Friday 22 December 2017

Round up of my 2017

Gingerbread wombats
I decided not to do my usual top ten reads this year (they are ubiquitous so you will have plenty of good reading ideas from other readers and writers!) but I think the book that stands out the most for me this year is Yvvette Edwards' The Mother.  I read it early in the year and it has stayed with me, which is my criterion for a good book! A close second is Isabel Costello's Paris Mon Amour. 

2017 started with my daughter setting off on her journey to Melbourne, Australia where she and her husband have relocated. The year is ending with me visiting their lovely new home to experience a summer Christmas. We have been shopping in the sun, watching people in shorts, T-shirts and sandals walk past jolly Santas and plastic snowmen to the accompaniment of Christmas carols! That felt quite strange.

We looked at the Christmas tree in Federation Square just metres away from the the crossing at Flinders Street Station where a few days later the terrible attack took place. Christmas will be difficult for those who were injured and I join millions in thinking of them and their families and wishing them all a speedy recovery.

My mother died last January and I am missing being able to tell her about her granddaughter's new home and job in the country where she was born. I want to be able to tell her her about the sights and experiences I have encountered in the past two weeks because I know she would have loved hearing about it.

On a happier note, my writing journey has been quite exciting this year. The first good news in January was that I had won the Great British Write Off with a flash fiction piece. Soon after I was longlisted in Reflex Fiction's first flash fiction competition. I've also had a few pieces in Ad Hoc's weekly competitions - although no wins.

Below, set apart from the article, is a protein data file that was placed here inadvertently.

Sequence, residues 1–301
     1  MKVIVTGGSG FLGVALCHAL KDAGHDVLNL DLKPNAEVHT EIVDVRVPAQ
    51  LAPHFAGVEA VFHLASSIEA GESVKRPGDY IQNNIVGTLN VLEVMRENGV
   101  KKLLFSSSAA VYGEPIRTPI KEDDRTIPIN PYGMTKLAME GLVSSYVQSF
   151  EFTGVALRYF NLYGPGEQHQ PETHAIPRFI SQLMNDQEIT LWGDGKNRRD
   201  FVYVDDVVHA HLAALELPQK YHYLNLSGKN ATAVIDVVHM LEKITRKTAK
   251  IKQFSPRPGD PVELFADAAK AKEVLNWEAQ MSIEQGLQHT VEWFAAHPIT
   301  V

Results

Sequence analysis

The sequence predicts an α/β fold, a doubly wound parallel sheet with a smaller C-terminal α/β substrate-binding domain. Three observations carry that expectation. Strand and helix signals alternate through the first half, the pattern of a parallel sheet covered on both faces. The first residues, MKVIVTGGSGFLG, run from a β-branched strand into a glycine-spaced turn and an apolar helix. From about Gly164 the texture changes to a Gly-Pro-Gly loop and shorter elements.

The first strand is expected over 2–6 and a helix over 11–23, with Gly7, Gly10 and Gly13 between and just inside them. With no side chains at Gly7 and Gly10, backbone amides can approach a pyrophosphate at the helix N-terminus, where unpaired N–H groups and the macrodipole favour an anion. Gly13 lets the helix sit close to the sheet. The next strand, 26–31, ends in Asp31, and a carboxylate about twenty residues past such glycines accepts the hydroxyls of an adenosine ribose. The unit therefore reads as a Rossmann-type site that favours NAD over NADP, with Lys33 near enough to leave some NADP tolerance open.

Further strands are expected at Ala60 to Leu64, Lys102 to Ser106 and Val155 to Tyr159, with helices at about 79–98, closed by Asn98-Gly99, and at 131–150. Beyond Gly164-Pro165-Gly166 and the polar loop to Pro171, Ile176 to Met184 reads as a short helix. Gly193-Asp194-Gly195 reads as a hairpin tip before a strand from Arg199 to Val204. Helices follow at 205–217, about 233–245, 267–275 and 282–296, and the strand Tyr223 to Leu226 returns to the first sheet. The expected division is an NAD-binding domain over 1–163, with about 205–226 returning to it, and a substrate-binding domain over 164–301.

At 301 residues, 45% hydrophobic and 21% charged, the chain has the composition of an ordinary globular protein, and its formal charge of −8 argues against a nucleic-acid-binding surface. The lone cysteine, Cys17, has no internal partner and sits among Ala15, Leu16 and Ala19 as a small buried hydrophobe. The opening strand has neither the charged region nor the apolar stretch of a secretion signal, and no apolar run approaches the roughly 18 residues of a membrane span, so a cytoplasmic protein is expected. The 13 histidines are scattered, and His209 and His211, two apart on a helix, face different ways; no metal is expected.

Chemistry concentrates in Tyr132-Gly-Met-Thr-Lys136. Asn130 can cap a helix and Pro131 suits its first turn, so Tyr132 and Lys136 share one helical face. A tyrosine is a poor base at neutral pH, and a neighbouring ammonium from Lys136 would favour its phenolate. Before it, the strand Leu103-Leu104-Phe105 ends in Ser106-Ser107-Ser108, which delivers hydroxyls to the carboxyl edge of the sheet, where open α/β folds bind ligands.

In July I won the Senior Travel Writing competition and have had acceptances for two of my short stories, one for inclusion in the Stories for Homes 2 anthology and, last month, the news that I had won the short story section of Hysteria's latest competition which is published in the Hysteria 6 anthology.

Inevitably there have been plenty of submissions that have got nowhere, but the number of submissions was over three times that of last year and my highest number of submissions in a year ever which feels like a small achievement in itself.

The travel experiences which inspired the Senior Travel win included some of my 2017 travels; a brief stay in Bruges, a fascinating trip to Uzbekistan and a week in Catalonia during the recent political upheavals.

In my professional life, I decided to take slightly early retirement from my career as a specialist speech and language therapist after nearly 40 years of working in the NHS. I have to say so far retirement has been  a fabulous experience, although I do miss my colleagues (and some of my patients!) However, I did get to meet up with a dear friend and ex-colleague, here in Melbourne, last week.

Here's to a peaceful Christmas to all of you whether you celebrate it or not.

Sunday 3 December 2017

Hysteria 6 Anthology

I am delighted that my story, Still Life, won the Hysteria short story competition and is published in the 6th Hysteria Anthology. This, along with the five previous anthologies, is full of stories, flash fiction and poems from many writers whose work I have read and hold in high esteem so I feel honoured to be among them. This year's winning flash fiction is Stephanie Hutton's You Don't Have to Talk About Your Daddy in Counselling if You Don't Want To. The winning poem is Jane Doe #503 by Sarah Jane Potts.

My story is one I started many years ago - it's been tweaked quite a bit since then but one scene that stayed pretty much intact is the scene in the artist's studio.

The house and its studio was based on that of my grandmother-in-law. One of her daughters was also an artist and has work exhibited in various galleries including two in Cornwall where the family spent a lot of time in the artists' colony in the 1930s. The characters in the story, however, are all from my imagination.

Almond Tree in Blossom by Bonnard
The tree mentioned in the story is an apple tree but it was Bonnard's almond tree which inspired it. There used to be a street tree on my road that reminded me of this picture. It was so beautiful and its early flowering of delicate pink flowers in late January or early February was always the harbinger of a long awaited spring. The council cut it down. Like the tree in my story it will live forever in my mind!

The anthology is now available in e-book format from Amazon  and in print directly from The Hysterectomy Association .